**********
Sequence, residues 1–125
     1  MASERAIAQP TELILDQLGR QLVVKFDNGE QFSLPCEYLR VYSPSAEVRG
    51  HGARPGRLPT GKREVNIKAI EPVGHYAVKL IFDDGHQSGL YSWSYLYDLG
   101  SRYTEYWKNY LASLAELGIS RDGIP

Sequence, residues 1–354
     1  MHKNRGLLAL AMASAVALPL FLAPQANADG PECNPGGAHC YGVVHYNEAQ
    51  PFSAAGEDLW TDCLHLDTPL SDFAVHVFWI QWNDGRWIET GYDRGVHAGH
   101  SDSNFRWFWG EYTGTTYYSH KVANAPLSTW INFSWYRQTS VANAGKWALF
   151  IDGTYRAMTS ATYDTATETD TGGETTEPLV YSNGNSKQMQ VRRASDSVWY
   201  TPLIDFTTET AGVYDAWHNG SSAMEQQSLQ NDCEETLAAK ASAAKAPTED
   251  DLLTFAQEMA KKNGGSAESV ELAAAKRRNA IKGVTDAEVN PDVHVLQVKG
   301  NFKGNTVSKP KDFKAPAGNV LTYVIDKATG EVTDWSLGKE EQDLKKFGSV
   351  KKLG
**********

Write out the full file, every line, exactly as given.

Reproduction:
Sequence, residues 1–125
     1  MASERAIAQP TELILDQLGR QLVVKFDNGE QFSLPCEYLR VYSPSAEVRG
    51  HGARPGRLPT GKREVNIKAI EPVGHYAVKL IFDDGHQSGL YSWSYLYDLG
   101  SRYTEYWKNY LASLAELGIS RDGIP

Sequence, residues 1–354
     1  MHKNRGLLAL AMASAVALPL FLAPQANADG PECNPGGAHC YGVVHYNEAQ
    51  PFSAAGEDLW TDCLHLDTPL SDFAVHVFWI QWNDGRWIET GYDRGVHAGH
   101  SDSNFRWFWG EYTGTTYYSH KVANAPLSTW INFSWYRQTS VANAGKWALF
   151  IDGTYRAMTS ATYDTATETD TGGETTEPLV YSNGNSKQMQ VRRASDSVWY
   201  TPLIDFTTET AGVYDAWHNG SSAMEQQSLQ NDCEETLAAK ASAAKAPTED
   251  DLLTFAQEMA KKNGGSAESV ELAAAKRRNA IKGVTDAEVN PDVHVLQVKG
   301  NFKGNTVSKP KDFKAPAGNV LTYVIDKATG EVTDWSLGKE EQDLKKFGSV
   351  KKLG